Minnesota is looking to grow its share of electricity fueled by the sun and is counting on community solar gardens to help make it happen. A new state law demands that utilities get 1.5 percent of their power from solar sources by 2020. Under that law, Xcel Energy Co. has until Monday to tell how the giant electricity provider would like to manage the rollout.
Buzzing cicadas signal yet another hot August day. But it’s the scorched lawn and grinding of an air conditioner that are Brett Severson’s clue. “My A/C is running all the time — I’d guess my bill is about $400 a month,” Severson said.
For generations of farmers, having a wind mill was a dependable way to pump water for their livestock. Now it’s rare to drive Minnesota’s rural roads and see the old steel structures still turning in the breeze. But there’s a good chance what you will see instead is a taller structure spinning with three blades.
Minnesota regulators have told Great River Energy to rethink its dependence on burning coal to generate electricity. The unusual decision by the Public Utilities Commission has no immediate impact on the power supplier.
It has been four days since a pair of powerful thunderstorms moved through the Twin Cities, and thousands of residents still don’t have power. At its peak, Friday’s storms knocked out power to 610,000 homes and businesses.
Work continues to restore power to thousands still in the dark after Friday’s powerful storms. Xcel Energy said this has been the worst power outage the state has ever seen. After a peak of 610,000 customers without power after Friday night’s storms, that number is now down to 28,574, as of 9 p.m. Xcel said that most of the power outages are now contained to Minneapolis and the western suburbs.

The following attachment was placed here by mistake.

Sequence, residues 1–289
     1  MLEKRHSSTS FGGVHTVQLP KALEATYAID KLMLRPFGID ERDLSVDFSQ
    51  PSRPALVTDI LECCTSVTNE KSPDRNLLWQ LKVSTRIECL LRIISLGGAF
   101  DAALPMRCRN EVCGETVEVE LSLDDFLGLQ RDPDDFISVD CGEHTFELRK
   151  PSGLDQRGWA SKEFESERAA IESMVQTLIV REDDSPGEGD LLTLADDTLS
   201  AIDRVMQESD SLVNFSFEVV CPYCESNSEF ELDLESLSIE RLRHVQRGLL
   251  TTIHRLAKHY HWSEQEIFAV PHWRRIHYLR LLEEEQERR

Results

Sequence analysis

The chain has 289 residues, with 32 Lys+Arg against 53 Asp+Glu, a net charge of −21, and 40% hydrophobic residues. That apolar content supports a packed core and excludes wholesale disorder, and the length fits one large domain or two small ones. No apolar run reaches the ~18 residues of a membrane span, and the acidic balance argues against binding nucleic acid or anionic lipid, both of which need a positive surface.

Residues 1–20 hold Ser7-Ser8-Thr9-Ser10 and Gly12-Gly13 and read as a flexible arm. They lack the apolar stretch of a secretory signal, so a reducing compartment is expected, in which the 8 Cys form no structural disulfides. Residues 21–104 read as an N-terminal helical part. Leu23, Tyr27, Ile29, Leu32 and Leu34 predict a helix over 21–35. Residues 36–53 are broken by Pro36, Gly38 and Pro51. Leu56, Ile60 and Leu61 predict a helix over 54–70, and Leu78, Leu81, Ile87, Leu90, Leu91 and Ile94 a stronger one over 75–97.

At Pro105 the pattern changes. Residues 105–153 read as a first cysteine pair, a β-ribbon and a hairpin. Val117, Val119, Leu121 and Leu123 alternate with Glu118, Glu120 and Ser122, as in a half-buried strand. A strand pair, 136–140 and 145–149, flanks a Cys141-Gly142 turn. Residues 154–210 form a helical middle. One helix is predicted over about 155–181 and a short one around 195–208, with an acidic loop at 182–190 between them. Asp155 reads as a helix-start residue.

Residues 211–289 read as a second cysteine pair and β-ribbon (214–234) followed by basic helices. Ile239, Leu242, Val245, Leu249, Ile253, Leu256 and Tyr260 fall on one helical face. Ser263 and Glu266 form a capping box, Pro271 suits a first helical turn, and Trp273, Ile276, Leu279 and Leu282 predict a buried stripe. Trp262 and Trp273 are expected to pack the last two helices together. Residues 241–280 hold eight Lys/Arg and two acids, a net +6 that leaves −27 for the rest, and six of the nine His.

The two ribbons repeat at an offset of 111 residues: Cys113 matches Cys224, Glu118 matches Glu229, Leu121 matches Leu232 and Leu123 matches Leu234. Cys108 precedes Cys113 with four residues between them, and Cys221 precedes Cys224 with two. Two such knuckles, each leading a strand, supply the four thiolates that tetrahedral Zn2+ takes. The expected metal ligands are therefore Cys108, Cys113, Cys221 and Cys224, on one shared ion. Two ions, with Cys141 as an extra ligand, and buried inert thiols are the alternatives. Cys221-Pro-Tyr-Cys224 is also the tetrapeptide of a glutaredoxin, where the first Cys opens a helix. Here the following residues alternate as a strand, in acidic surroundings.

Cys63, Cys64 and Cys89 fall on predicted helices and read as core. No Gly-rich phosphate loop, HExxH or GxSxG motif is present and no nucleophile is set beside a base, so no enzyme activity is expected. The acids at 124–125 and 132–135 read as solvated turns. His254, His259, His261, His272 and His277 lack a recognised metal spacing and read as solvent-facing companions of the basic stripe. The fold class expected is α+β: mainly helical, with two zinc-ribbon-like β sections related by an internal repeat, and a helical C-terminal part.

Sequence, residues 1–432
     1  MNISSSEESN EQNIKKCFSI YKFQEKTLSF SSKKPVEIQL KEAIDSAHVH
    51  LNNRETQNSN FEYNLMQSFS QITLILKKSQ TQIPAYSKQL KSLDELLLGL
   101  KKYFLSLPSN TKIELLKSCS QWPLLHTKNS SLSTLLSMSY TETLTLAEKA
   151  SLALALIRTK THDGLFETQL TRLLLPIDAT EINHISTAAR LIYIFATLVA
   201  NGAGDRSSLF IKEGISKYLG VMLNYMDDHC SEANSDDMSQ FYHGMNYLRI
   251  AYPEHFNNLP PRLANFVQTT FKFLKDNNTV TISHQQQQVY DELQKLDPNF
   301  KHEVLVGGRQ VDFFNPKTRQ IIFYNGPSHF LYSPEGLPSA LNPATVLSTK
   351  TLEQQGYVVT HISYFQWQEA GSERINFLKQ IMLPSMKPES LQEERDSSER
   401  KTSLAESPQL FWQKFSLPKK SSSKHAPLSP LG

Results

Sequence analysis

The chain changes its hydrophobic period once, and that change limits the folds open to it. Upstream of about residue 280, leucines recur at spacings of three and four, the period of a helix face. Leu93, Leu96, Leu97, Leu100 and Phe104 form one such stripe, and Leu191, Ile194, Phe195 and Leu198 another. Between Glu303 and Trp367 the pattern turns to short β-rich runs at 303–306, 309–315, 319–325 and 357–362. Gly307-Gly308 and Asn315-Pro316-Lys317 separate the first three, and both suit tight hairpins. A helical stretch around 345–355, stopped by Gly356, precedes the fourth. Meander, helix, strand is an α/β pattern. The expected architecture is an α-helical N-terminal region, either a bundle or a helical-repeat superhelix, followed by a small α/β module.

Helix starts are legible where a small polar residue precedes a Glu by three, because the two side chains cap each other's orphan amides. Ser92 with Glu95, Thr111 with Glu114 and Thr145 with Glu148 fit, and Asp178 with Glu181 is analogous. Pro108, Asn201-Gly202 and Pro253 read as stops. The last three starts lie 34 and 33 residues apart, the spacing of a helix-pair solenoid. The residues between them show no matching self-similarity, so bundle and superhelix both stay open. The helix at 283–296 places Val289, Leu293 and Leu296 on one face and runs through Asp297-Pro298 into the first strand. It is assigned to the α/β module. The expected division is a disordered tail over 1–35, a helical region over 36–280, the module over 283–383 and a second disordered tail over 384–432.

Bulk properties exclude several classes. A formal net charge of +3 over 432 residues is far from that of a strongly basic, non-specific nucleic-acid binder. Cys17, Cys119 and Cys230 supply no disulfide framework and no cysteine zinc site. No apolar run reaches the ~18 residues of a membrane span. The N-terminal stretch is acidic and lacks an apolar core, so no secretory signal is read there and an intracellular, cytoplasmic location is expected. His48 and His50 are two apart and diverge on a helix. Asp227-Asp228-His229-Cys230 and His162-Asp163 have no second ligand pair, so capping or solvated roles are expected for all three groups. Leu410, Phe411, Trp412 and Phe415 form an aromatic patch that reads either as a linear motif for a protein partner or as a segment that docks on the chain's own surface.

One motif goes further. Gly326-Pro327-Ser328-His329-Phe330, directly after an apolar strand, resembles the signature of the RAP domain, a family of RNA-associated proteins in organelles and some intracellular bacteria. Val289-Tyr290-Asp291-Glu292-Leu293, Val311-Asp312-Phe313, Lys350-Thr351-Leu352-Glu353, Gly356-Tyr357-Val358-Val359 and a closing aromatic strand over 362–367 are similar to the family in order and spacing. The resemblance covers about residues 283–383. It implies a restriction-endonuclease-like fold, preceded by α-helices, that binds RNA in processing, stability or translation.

Tuesday had numerous Minnesotans cutting up tree branches that broke from the weight of the snow. Those damaged trees took out power lines that temporarily left 24,000 in the dark.
The new champ! Lego’s! vs. The Challenger…High Voltage
Power company officials say Murray County area residents should have energy restored Sunday, but it’s still unclear when Nobles County will be restored.
Minneapolis is turning out the lights in city buildings for an initiative called “Earth Hour” to raise awareness of climate change.
Some Minnesota cities will turn off the lights Saturday for “Earth Hour.” The City of Minneapolis will turn off all non-essential electricity in major municipal buildings from 8:30 to 9:30 p.m.
The state says Xcel Energy is charging Minnesota families too much for electricity.
It takes a lot of poles, plants and power lines to satisfy Minnesota’s demand for electricity. Xcel Energy has been meeting that challenge for decades.
With extreme low temperatures on Sunday and Monday, the Wright-Hennepin Cooperative Electric Association is asking members to voluntarily conserve energy from 5 p.m. to 10 p.m. on both days.
Authorities are investigating the electrocution death of a construction worker on Thursday in Carlton County.